My little 10-year old daughter, Sarah, was born with a muscle missing in her foot and wears a brace all the time. She came home jumping up and down one beautiful spring day to tell me she had competed in “field day” – that’s where they have lots of races and other competitive events.

Because of her leg support, my mind raced as I tried to think of words of encouragement for my Sarah, I wanted to tell some hard facts of life, not letting this to get her down. But, before I could get my word out, she said, “Daddy, I won two of the races!” I couldn’t believe that! And then Sarah came out with a declaration, “I had an advantage.”

Ah, I knew it. I thought she must have been given a head start, some kind of physical advantage. But again, before I could say anything, she said, “Daddy, I didn’t get a head start… my advantage was that I had to try harder!”
That’s my Sarah.

Question 2.
Rearrange each set of words to make sentences. Use appropriate punctuation marks.
(a) a resident of Noida near Delhi/is visually impaired/ George Abraham.
(b) confidence and competitive spirit/and infuses discipline among the participants/ it provides
(c) he has helped/the brain behind the World Cup Cricket/the disable to dream
(d) to the blind school in Delhi/it was a chance visit/ that changed his life
(a) George Abraham, a resident of Noida, near Delhi, is visually impaired.
(b) It provides confidence and competitive spirit and infuses discipline among the participants.
(c) He has helped the disable to dream, the brain behind the World Cup Cricket.
(d) It was a chance visit to the blind shcool in Delhi, that changed his life.


Listen to the song twice. Answer the questions that follow. Then sing the song together.
Que Sera, Sera
When I was just a little girl
I asked my mother
What will I be
Will I be pretty?
Will I be rich?
Here’s what she said to me
Que sera, sera
Whatever will be, will be
The future’s not ours to see
Que sera, sera

What will be, will be
When I grew up and fell in love
I asked my sweetheart
What lies ahead
Will we have rainbows?
Day after day
Here’s what my sweetheart said
Que sera, sera
Whatever will be, will be
The future’s not ours to see
Que sera, sera
What will be, will be
Now I have Children of my own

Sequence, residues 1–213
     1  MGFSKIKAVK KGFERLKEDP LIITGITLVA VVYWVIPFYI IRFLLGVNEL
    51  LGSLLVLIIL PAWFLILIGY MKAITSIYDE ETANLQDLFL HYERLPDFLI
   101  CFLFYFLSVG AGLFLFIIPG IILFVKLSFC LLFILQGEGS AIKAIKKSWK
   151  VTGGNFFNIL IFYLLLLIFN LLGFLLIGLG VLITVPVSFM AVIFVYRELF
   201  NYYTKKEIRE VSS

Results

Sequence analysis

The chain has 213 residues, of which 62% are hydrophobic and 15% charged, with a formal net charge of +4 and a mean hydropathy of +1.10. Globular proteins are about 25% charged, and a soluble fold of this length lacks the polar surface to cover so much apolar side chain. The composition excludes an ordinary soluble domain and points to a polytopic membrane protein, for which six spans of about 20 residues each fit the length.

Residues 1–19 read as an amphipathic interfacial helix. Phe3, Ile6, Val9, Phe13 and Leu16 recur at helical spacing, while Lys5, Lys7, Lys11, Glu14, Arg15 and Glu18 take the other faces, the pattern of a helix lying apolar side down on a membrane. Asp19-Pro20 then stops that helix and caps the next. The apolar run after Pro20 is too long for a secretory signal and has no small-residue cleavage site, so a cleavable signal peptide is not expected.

They ask their mother
What will I be?
Will I be handsome?
Will I be rich?
I tell them tenderly
Que sera, sera
Whatever will be, will be
The future’s not ours to see
Que sera, sera
What will be, will be
Que Sera, Sera
(It is a popular song written by the song writing team of Jay Livingston and Ray Evans in 1956.)

Question 1.
What are the questions the poet asked her mother when she was a little girl?
Questions are : What will I be.
Will I be pretty ?
Will I be rich ?

Question 2.
What was her mother’s reply?
Her mother’s reply was that whatever was destined for them will happen and nobody was in a position to see his/her future.

Question 3.
She asked a question to her sweetheart. What was it?
She asked her sweetheart what kind of future they would have. Will there be happiness and festivities day after day ?

Question 4.
What was his answer ? Was it simillar to that of her mother’s?
His answer was the same as her mother’s. He also said that no body could predict or see future.

Question 5.
Now the poet has become a mother. What questions do her children ask her?
The poet’s children asked her the same questions that she used to ask her mother: what they would be, if they would be handsome ? They would be rich.

Question 6.
What is her answer to her children?
Her answer was that no body could predict future.


Look at the questions given below. Discuss with your partner. Jot down the points and make an oral presentation in the class.
1. Do you have questions about your future?
2. Whom do you discuss them with?
3. How often do you discuss your worries or queries with your parents?
4. Whom do you feel most comfortable sharing them with?
Your points.
Hint. The word “future” is somewhere so much deep embedded in our sub-conscious mind that all our actions are rather based on the fact – what our future will be.

During teenage we are so much in our friends’ influence that they are the first one to discuss our futuristic goals. This is a kind of good practice because our friends are the ones who know our strengths and weaknesses. After friends we discuss things with our elder siblings who are much experienced and more often they are pursuing the same career that we will like to pursue.